Albania and the Disposal of Surplus Ammunition


AlbaniaThe Albanian Armed Forces (AAF) have been controlling and safeguarding a significant amount of excess ammunition largely made in Russia (1945-1960), China (1961-1976) and Albania (1967-1992).

In 1992, the AAF were in charge of more than 194,000 tons of ammunition, distributed among 182 locations and stored in 955 depots. The beginning of the AAF reorganization, a still ongoing effort, entailed cuts for some units and their ammunition were stored in nearby facilities.

In the following years, these deposits were used beyond their storage capacity and without compliance to the rules, thus increasing risks for the civilian population. About 95% of the ammunition was more than 40 years old, but the ammunition average shelf life is 15-20 years, according to the available information and foreign experts’ opinions.

Therefore, most of the ammunition lost their physical and chemical properties and went down the allowed security parameters implying the possibility of self-ignition phenomena.

In addition, due to demographic changes and lack of controls many houses were built close to the ammunition depots since 1991, violating safety distances and, as a result, increasing the potential for incidents to the detriment of both the population and environment. In fact, explosions subsequently occurred.

From this point of view, the country did not meet the required security standards.

Then, amid the 1997 riots, weapons and ammunition depots were looted by groups of people and criminal gangs. That posed a serious threat to domestic and also regional security, as the content of the storage facilities could be exported outside the Albanian borders.

Thus, the country became a subject of interest for those international criminal organizations involved in arms trafficking.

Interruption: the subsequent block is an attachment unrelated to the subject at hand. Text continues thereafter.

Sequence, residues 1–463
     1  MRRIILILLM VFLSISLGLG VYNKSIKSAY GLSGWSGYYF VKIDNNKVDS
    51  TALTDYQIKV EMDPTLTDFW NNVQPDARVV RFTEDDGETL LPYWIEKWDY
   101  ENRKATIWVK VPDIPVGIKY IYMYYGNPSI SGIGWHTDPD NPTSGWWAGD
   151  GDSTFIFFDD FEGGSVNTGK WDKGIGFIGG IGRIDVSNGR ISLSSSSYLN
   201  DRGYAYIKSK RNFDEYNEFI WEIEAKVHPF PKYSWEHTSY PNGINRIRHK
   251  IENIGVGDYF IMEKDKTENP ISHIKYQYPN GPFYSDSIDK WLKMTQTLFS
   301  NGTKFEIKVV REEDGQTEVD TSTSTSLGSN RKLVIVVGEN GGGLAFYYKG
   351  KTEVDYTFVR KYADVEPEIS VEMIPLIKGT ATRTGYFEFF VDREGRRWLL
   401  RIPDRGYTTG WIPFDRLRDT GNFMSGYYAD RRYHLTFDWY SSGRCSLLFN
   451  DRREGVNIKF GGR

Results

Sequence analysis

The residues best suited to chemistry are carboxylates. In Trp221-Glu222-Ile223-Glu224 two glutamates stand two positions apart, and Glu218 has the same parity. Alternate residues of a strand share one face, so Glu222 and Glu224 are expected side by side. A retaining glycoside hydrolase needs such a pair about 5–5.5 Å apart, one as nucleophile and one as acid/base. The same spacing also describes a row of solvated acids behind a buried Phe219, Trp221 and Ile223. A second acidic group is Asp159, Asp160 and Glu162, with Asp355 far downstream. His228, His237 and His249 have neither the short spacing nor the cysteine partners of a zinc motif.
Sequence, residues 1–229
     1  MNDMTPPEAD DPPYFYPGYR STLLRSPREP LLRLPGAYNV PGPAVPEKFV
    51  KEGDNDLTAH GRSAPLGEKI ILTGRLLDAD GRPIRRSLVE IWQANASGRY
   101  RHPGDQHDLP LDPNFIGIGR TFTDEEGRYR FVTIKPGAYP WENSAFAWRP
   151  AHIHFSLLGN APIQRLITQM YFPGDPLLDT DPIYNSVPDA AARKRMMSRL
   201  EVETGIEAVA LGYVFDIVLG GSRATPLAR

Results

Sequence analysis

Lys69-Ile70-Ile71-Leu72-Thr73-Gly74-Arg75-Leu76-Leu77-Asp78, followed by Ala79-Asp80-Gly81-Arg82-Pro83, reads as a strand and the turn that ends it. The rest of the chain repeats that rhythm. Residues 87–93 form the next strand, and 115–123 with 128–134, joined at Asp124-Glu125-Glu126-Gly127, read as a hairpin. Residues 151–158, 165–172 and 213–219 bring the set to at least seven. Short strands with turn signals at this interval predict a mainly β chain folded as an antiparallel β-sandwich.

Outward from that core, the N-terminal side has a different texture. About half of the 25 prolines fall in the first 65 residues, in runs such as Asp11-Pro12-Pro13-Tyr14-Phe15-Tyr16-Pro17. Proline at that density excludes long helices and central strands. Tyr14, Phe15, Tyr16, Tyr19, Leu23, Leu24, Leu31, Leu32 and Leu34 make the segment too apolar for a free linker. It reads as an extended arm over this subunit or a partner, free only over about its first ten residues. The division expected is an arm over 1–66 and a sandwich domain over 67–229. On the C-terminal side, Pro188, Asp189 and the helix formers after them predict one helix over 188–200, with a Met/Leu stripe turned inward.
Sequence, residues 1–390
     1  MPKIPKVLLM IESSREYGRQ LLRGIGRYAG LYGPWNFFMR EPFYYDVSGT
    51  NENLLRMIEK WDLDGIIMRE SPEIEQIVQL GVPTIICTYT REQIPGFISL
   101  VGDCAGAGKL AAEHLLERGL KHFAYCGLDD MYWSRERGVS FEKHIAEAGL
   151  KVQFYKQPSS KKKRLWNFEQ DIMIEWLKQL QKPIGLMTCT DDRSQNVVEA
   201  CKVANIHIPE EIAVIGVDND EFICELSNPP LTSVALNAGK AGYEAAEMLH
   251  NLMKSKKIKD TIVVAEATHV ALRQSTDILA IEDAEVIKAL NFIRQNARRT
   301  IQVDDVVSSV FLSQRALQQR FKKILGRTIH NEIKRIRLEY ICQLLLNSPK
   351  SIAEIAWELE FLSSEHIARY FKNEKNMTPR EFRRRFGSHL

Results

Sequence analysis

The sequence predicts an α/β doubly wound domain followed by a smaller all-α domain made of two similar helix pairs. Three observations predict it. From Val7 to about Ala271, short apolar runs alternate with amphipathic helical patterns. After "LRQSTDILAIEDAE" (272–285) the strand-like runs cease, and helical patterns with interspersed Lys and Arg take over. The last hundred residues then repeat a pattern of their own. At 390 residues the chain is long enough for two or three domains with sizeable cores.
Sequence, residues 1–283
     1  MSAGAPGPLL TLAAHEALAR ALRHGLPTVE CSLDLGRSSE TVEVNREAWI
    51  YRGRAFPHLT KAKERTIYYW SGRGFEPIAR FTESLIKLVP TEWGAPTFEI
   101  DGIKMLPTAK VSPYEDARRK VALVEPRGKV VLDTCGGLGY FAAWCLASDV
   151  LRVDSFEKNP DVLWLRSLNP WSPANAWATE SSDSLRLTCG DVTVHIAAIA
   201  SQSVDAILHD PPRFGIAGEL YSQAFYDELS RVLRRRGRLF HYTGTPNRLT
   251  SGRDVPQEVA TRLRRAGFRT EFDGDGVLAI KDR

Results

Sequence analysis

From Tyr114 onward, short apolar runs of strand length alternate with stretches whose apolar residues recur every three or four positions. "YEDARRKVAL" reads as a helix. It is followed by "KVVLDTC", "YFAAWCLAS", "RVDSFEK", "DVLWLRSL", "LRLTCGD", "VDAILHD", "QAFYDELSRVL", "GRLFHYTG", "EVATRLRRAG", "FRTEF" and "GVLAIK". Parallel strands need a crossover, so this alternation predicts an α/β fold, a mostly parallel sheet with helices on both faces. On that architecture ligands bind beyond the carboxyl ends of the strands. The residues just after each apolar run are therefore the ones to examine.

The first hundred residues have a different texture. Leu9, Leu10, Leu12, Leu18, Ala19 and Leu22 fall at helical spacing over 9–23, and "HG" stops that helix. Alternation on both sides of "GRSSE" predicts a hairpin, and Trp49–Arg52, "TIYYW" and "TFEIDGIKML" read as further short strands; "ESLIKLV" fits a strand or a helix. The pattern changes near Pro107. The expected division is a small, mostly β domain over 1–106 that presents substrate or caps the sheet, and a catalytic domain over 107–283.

In coping with the emergency, there has been a continuous effort by the Albanian government aimed at retrieving arms and ammunition in possession of the population. At the same time, the actual implementation of the security and maintenance provisions in the depots ensured that the management of the ammunition and explosive elimination took place without incidents.

In 1999, an ad hoc disposal plant was set up under the control of the Arms and Military Equipment (AME) committee. At first, there were 30 staff members employed, but AME enhanced its structure in 2000 after merging into the AAF and currently consists of 92 officers.

According to some estimates, in 2002 there were about 110,000 tons of excess ammunition to be dismantled. Despite the difficulties that the Committee encountered due to the AAF reorganization, from 2002 to 2008 75,000 tons of ammunition of different calibers were destroyed in accomplishment of a long-term plan devised by the AAF.

Nevertheless, the explosion occurred in Gërdec on March 15th, 2008, had a negative impact on the ammunition-dismantling process, besides damaging people and infrastructures.

In the aftermath of this incident, the AAF reconsidered the risk posed by the ammunition and redefined both the timeline and methods of its disposal. Hence, it was decided that all the unexploded devices labeled as dangerous and excess ammunition had to be eliminated by 2011 and 2014 respectively.